Stephen Harper’s veiled attack on religious freedom

February 18, 2015

Clifford Orwin is a professor of political science at the University of Toronto and a distinguished fellow at Stanford University’s Hoover Institution.

Stephen Harper is not just smart; he can be highly insightful. In 2011, for example, he established the Office of Religious Freedom in the Department of Foreign Affairs. He thus showed himself ahead of the curve on an issue whose importance has continued to grow. In that same year, unfortunately, his then minister of immigration, Jason Kenney, announced a domestic rule tending to religious suppression. Last week that ruling returned to haunt Mr. Harper.

The plaintiff in the case that aroused his ire was Zunera Ishaq of Mississauga, an immigrant of Sunni Muslim faith who has qualified for citizenship. She wishes to take her oath of allegiance without removing her Islamic niqab or face covering. This was the practice Mr. Kenney’s rule had banned. Now, however, Justice Keith Boswell, a federal judge, has struck down that ban. He declared that it violated the government’s own regulations, which required citizenship judges to “allow the greatest possible freedom in the religious solemnization” of the oath. As for Ms. Ishaq, she expressed delight that she would finally be able to take the oath.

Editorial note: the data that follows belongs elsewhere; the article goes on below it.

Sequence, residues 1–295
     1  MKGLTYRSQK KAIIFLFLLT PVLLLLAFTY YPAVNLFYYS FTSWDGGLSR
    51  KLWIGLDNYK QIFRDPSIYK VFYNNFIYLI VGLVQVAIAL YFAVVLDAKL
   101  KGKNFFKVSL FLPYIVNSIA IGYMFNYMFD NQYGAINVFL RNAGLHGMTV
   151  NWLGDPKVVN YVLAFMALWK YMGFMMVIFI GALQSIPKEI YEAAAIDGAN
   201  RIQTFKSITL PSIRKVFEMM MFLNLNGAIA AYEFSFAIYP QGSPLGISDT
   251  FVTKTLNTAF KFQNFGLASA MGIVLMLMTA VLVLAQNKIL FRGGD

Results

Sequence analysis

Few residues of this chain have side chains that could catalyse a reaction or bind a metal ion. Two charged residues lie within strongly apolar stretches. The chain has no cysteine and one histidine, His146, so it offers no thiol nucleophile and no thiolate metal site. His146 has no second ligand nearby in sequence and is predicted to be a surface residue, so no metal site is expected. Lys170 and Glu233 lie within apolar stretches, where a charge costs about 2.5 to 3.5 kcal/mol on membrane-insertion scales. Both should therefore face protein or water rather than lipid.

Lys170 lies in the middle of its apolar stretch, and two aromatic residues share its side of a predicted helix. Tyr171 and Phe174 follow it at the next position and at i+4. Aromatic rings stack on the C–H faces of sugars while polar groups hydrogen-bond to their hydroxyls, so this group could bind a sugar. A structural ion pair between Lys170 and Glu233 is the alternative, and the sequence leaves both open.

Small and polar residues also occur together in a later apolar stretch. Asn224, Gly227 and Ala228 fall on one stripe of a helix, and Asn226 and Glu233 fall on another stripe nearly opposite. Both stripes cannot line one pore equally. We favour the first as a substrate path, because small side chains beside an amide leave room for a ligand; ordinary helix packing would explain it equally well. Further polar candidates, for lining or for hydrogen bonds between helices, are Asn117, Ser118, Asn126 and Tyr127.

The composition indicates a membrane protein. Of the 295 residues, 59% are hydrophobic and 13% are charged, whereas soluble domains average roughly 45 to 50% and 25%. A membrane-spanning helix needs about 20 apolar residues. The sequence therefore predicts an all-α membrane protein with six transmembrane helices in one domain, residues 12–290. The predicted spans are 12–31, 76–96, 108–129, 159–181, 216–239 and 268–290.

Ms. Ishaq had failed to reckon, however, on the Grinch who stole Swearing-In Day. Mr. Harper, campaigning in dogmatically secularist Quebec, announced that his government would appeal the ruling. “It is not how we do things here,” he thundered. “I believe, and I think most Canadians believe, that it is offensive that someone would hide their identity at the very moment where they are committing to join the Canadian family.” He went on to invoke standards of “openness” and “transparency” against Ms. Ishaq and her small knot of pious Muslim sisters. (Justice Boswell estimated that there are perhaps 100 other women in her situation.)

By Clifford Orwin, Globe and Mail | Link to Article


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